Commentary: Knowing it when we see it: reflections on pornography.
ABSTRACT This commentary asks, of what contemporary use is the excavation of a specific incident of sexually intimidating and otherwise inappropriate behavior in medical education's history? The question is posed in response to the accompanying article by Halperin detailing the publication and critical reception of an anatomy textbook that adopted a demeaning attitude toward women and featured pinup style photographs of nude women. The author contends that the generational context of feminist response to this incident and others like it is critical in shaping the current discussion. Today's third-generation feminists recognize the injustice of exploitative or offensive behaviors, but because of a fear of retaliation or negative consequence, they may nonetheless decline to respond in an official or whistle-blowing capacity-despite efforts to normalize appropriate faculty-learner interactions and to provide safe reception for those affected by abuses of power or authority. Revisiting an incident such as the one Halperin recounts reminds readers of both genders and all career stages that violations of professional mores between teacher and learner still occur and that the price of speaking up remains high.
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ABSTRACT: Studying the history of medical education helps teach us that medicine is a social activity that occurs in the context of social mores and customs. In 1971, a major new anatomy textbook aimed at first-year medical students was published. The Anatomical Basis of Medical Practice, written by Professors R. Frederick Becker, James S. W. Wilson, and John A. Gehweiler, emphasized surface anatomy, embryology, and radiographic anatomy. At multiple places in the text, the authors used sexually suggestive and "cheeky" comments about women. A small fraction of the illustrations were stylized, posed female nude photographs purchased from California photographer Peter Gowland. These photographs, of a type typically seen in Playboy centerfolds or "pin-up girl" calendars, produced a firestorm of controversy. The book was criticized in the press and in reviews in scholarly journals, and a boycott was organized by the Association of Women in Science. The publisher received negative feedback from consumers, and the book was withdrawn from the market. The book is now a minor collector's item. Professors Becker and Wilson vigorously responded. They laid blame for the debacle on the publisher and also claimed they were the victims of a witch hunt by feminists. The Anatomical Basis of Medical Practice appeared as the women's movement became part of the American popular consciousness. It was also an era in which the public began to grapple with how to define pornography. Professor Becker and his coauthors thought that they were writing a witty, engaging, and funny book. Their detractors thought the book denigrated women.Academic medicine: journal of the Association of American Medical Colleges 03/2009; 84(2):278-83. DOI:10.1097/ACM.0b013e31819391e2 · 3.47 Impact Factor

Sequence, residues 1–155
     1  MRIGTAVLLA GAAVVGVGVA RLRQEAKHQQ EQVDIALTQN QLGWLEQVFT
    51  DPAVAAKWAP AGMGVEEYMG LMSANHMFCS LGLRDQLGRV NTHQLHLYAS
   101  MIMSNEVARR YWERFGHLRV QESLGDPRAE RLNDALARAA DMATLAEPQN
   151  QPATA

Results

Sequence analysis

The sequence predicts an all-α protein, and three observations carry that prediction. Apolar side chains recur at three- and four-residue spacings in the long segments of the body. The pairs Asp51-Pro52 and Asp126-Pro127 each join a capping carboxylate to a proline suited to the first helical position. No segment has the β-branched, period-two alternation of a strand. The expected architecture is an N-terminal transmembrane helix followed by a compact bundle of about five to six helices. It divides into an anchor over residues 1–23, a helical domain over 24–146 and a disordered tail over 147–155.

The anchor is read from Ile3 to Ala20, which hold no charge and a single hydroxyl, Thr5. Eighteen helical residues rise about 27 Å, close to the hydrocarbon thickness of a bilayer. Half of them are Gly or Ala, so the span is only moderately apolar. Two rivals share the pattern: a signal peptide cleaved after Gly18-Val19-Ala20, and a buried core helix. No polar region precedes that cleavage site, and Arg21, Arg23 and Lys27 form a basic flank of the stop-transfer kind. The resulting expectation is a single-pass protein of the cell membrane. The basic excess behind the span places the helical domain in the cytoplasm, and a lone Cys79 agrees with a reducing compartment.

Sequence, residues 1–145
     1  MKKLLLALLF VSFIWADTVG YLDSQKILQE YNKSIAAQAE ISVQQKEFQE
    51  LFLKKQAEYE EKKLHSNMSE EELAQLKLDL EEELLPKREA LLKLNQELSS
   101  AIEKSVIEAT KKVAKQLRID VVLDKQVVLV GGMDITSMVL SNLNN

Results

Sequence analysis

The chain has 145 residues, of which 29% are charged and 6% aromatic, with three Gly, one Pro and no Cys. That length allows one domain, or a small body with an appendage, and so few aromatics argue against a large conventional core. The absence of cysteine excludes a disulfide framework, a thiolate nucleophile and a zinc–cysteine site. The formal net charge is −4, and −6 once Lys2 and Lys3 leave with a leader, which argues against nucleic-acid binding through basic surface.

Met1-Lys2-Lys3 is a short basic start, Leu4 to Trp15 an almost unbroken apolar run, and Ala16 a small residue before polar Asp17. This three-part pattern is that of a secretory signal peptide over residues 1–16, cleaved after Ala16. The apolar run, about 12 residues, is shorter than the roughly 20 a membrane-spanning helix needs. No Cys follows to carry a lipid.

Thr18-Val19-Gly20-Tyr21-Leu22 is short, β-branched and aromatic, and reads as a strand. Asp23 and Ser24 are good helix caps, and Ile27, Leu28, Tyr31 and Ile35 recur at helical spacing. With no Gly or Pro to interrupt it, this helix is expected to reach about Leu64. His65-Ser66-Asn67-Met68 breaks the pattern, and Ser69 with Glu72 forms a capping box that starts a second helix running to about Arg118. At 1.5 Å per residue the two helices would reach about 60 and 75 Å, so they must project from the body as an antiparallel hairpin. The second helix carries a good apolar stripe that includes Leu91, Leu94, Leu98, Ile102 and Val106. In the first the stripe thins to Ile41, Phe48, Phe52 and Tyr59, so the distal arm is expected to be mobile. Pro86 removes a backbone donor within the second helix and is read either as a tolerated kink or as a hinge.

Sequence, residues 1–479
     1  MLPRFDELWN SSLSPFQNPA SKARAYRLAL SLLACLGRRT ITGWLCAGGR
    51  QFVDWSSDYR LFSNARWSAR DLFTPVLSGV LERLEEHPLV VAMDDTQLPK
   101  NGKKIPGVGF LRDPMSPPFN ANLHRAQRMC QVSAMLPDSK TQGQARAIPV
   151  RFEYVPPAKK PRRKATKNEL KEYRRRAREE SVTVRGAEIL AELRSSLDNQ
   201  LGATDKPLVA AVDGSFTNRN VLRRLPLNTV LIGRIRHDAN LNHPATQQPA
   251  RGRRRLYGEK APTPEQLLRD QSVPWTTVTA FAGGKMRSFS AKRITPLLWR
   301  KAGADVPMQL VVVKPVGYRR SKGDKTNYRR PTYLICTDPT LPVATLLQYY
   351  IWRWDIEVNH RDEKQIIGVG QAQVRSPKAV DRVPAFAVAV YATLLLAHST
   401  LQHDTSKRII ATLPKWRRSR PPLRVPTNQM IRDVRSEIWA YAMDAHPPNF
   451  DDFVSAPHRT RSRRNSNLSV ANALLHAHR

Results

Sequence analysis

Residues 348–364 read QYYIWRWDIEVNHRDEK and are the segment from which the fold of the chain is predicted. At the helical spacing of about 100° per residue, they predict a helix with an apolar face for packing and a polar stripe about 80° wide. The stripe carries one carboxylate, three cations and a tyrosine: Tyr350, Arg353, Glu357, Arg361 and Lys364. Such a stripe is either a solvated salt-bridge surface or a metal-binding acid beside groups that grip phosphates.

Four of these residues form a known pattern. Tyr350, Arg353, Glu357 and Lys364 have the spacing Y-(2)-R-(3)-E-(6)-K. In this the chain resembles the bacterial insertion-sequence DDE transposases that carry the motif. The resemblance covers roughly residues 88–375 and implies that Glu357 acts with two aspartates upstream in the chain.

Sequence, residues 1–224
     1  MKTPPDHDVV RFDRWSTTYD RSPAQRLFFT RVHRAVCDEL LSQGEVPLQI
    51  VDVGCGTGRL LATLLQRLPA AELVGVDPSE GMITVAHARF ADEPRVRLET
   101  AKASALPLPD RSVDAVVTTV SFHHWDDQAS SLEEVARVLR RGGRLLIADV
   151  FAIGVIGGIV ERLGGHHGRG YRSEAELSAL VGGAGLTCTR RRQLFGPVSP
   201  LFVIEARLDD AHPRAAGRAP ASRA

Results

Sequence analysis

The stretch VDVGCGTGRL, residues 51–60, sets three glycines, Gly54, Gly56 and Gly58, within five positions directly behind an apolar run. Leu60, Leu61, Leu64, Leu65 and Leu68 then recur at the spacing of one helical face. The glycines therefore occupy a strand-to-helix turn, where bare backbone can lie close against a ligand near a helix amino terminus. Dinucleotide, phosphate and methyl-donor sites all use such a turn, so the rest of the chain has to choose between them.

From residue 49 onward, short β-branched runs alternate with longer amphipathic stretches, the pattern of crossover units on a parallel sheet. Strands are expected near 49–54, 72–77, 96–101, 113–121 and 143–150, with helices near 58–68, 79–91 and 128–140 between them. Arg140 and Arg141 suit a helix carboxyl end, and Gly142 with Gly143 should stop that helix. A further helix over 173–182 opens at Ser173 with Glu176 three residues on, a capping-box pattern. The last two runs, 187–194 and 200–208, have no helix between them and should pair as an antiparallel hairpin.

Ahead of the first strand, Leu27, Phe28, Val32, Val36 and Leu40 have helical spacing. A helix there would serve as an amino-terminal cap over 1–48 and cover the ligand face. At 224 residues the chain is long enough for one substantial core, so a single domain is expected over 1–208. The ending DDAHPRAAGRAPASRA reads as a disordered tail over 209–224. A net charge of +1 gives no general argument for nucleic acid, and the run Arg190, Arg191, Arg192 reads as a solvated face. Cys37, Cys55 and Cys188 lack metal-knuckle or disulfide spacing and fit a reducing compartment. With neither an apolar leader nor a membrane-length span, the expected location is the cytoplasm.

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ABSTRACT: The literature consistently reports that sexual harassment occurs with regularity in medical education, mostly in clinical settings, and most of it goes unreported. Reasons for nonreporting include the fear of retaliation, a reluctance to be viewed as a victim, a fear that one is being "too sensitive," and the belief that nothing will be done. We wanted to examine with greater concentration the stories women students tell about sexual harassment, including what they count as sexual harassment, for more or different clues to their persistent nonreporting. We used focus groups to interview 30 women students at 5 U.S. medical schools. We used systematic inductive guidelines to analyze the transcribed data, linking to and building new theoretical frameworks to provide an interpretive understanding of the lived experiences of the women in our study. Consistent with previous literature, most of the students interviewed had either witnessed or observed sexual harassment. We selected 2 theoretical lenses heretofore not used to explain responses to sexual harassment: 3rd-wave feminist theory to think about how current women students conceive sexual harassment and personality theory to explain beliefs about nonreporting. Medical educators need new ways to understand how contemporary women students define and respond to sexual harassment.Teaching and Learning in Medicine 02/2007; 19(1):20-9. DOI:10.1080/10401330709336619 · 1.12 Impact Factor